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New Colorado pot measure gives hemp the green light

By Angela Norwood     Jan 28, 2013 in Politics
Denver - On Election Day, Colorado voted to legalize marijuana for adult recreational use. Also legalized was hemp, a material which may benefit the farm industry.
Recreational use of cannabis is now legal for adults in Colorado, prompting marijuana shops to open in populous cities like Boulder and Denver. However, pot shop owners aren't the only ones who could find themselves "in the green." Farmers may also benefit as well — because when marijuana was legalized so was hemp.
There are some differences between marijuana and hemp. Marijuana is grown for its mind and body-altering effects, with the flower of the female plant being harvested for use. Hemp, on other hand, is grown for a myriad of uses including food, fuel, fiber and much more. Hemp can be used to make rope, paper, clothing, soap, toiletries and more. The concentration of THC (the component in marijuana that produces the "high" is minuscule in hemp.)
Farmer Michael Bowman believes some people are confused as to the difference. "When they hear that we're growing hemp, they think we're growing marijuana," Bowman said of his neighbors.
His goal is to rehabilitate the farming of hemp, and he'll be planting 100 acres on his 3,000-acre farm this spring.
"We think 100 acres is a good number," he says. "It's not a garden plot, and it's enough to have enough product at the end of the day that we can do something real with it."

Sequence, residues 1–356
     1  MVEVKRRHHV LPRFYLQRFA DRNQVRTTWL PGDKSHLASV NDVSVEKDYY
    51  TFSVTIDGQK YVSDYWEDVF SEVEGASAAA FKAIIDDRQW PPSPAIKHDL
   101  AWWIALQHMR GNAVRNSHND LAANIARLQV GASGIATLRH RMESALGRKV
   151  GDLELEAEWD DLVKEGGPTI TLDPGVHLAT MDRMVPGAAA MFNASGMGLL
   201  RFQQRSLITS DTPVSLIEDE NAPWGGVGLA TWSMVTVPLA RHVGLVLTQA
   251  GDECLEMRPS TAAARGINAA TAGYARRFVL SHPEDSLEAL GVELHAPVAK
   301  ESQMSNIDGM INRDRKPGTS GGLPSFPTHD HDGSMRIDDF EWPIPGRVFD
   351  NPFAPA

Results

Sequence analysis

Bowman plans to turn his first crop of hemp into an edible oil.
Although both marijuana and hemp are legal in Colorado, they are still prohibited under Federal law. The Department of Justice is reviewing the legalization initiatives of Colorado and Washington. Currently, the United States is the only industrialized nation prohibiting hemp.
During World War II, the "Hemp for Victory" campaign was launched by the U.S. Department of Agriculture. This was an attempt to replace fiber sources from Southeast Asia cut off by Japan. However since then, no commercial hemp has been grown in the U.S. since the 1950s.
In addition to Bowman, other residents are excited about the legalization of hemp farming.
"My friends tell me I'm too evangelical," says retired saleswoman Lynda Parker. "But there's hardly a problem in the world that can't be solved with hemp."
"Hemp is food, animal feed, fiber, fuel, shelter," she said. "It cleans the air, the water, the soil. Hemp could be enormous for Colorado because we're the first state to legalize it."
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